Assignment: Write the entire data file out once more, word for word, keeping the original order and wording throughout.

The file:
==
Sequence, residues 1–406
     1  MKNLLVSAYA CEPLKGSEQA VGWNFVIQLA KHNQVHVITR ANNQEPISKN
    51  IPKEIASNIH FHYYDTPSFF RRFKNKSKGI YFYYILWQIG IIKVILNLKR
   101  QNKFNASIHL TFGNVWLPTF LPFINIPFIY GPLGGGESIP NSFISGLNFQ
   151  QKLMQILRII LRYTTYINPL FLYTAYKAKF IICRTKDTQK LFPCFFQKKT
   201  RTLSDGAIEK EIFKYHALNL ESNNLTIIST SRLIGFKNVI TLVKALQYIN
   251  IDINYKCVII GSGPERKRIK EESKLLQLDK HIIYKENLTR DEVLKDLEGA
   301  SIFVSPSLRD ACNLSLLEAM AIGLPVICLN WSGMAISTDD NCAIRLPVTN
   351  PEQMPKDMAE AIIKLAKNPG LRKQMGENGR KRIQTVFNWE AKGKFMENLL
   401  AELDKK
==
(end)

Sequence, residues 1–406
     1  MKNLLVSAYA CEPLKGSEQA VGWNFVIQLA KHNQVHVITR ANNQEPISKN
    51  IPKEIASNIH FHYYDTPSFF RRFKNKSKGI YFYYILWQIG IIKVILNLKR
   101  QNKFNASIHL TFGNVWLPTF LPFINIPFIY GPLGGGESIP NSFISGLNFQ
   151  QKLMQILRII LRYTTYINPL FLYTAYKAKF IICRTKDTQK LFPCFFQKKT
   201  RTLSDGAIEK EIFKYHALNL ESNNLTIIST SRLIGFKNVI TLVKALQYIN
   251  IDINYKCVII GSGPERKRIK EESKLLQLDK HIIYKENLTR DEVLKDLEGA
   301  SIFVSPSLRD ACNLSLLEAM AIGLPVICLN WSGMAISTDD NCAIRLPVTN
   351  PEQMPKDMAE AIIKLAKNPG LRKQMGENGR KRIQTVFNWE AKGKFMENLL
   401  AELDKK